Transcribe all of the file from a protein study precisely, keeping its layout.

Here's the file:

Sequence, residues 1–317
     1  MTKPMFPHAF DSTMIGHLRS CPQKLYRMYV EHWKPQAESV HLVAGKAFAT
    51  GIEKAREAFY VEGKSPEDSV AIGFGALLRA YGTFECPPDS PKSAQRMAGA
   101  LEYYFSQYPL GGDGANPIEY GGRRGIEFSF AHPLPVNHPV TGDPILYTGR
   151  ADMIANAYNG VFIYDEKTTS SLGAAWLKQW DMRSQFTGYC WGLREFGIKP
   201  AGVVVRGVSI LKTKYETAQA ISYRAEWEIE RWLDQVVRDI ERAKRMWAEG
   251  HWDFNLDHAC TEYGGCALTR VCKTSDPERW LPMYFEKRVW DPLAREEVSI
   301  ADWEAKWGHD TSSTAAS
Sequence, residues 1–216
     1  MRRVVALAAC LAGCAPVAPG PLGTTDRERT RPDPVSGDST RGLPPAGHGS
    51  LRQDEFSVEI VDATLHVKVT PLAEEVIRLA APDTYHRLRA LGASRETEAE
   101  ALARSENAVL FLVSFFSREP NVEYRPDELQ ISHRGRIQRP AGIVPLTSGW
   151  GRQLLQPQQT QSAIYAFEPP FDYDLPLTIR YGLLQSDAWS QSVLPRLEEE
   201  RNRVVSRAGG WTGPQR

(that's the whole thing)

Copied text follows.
Sequence, residues 1–317
     1  MTKPMFPHAF DSTMIGHLRS CPQKLYRMYV EHWKPQAESV HLVAGKAFAT
    51  GIEKAREAFY VEGKSPEDSV AIGFGALLRA YGTFECPPDS PKSAQRMAGA
   101  LEYYFSQYPL GGDGANPIEY GGRRGIEFSF AHPLPVNHPV TGDPILYTGR
   151  ADMIANAYNG VFIYDEKTTS SLGAAWLKQW DMRSQFTGYC WGLREFGIKP
   201  AGVVVRGVSI LKTKYETAQA ISYRAEWEIE RWLDQVVRDI ERAKRMWAEG
   251  HWDFNLDHAC TEYGGCALTR VCKTSDPERW LPMYFEKRVW DPLAREEVSI
   301  ADWEAKWGHD TSSTAAS
Sequence, residues 1–216
     1  MRRVVALAAC LAGCAPVAPG PLGTTDRERT RPDPVSGDST RGLPPAGHGS
    51  LRQDEFSVEI VDATLHVKVT PLAEEVIRLA APDTYHRLRA LGASRETEAE
   101  ALARSENAVL FLVSFFSREP NVEYRPDELQ ISHRGRIQRP AGIVPLTSGW
   151  GRQLLQPQQT QSAIYAFEPP FDYDLPLTIR YGLLQSDAWS QSVLPRLEEE
   201  RNRVVSRAGG WTGPQR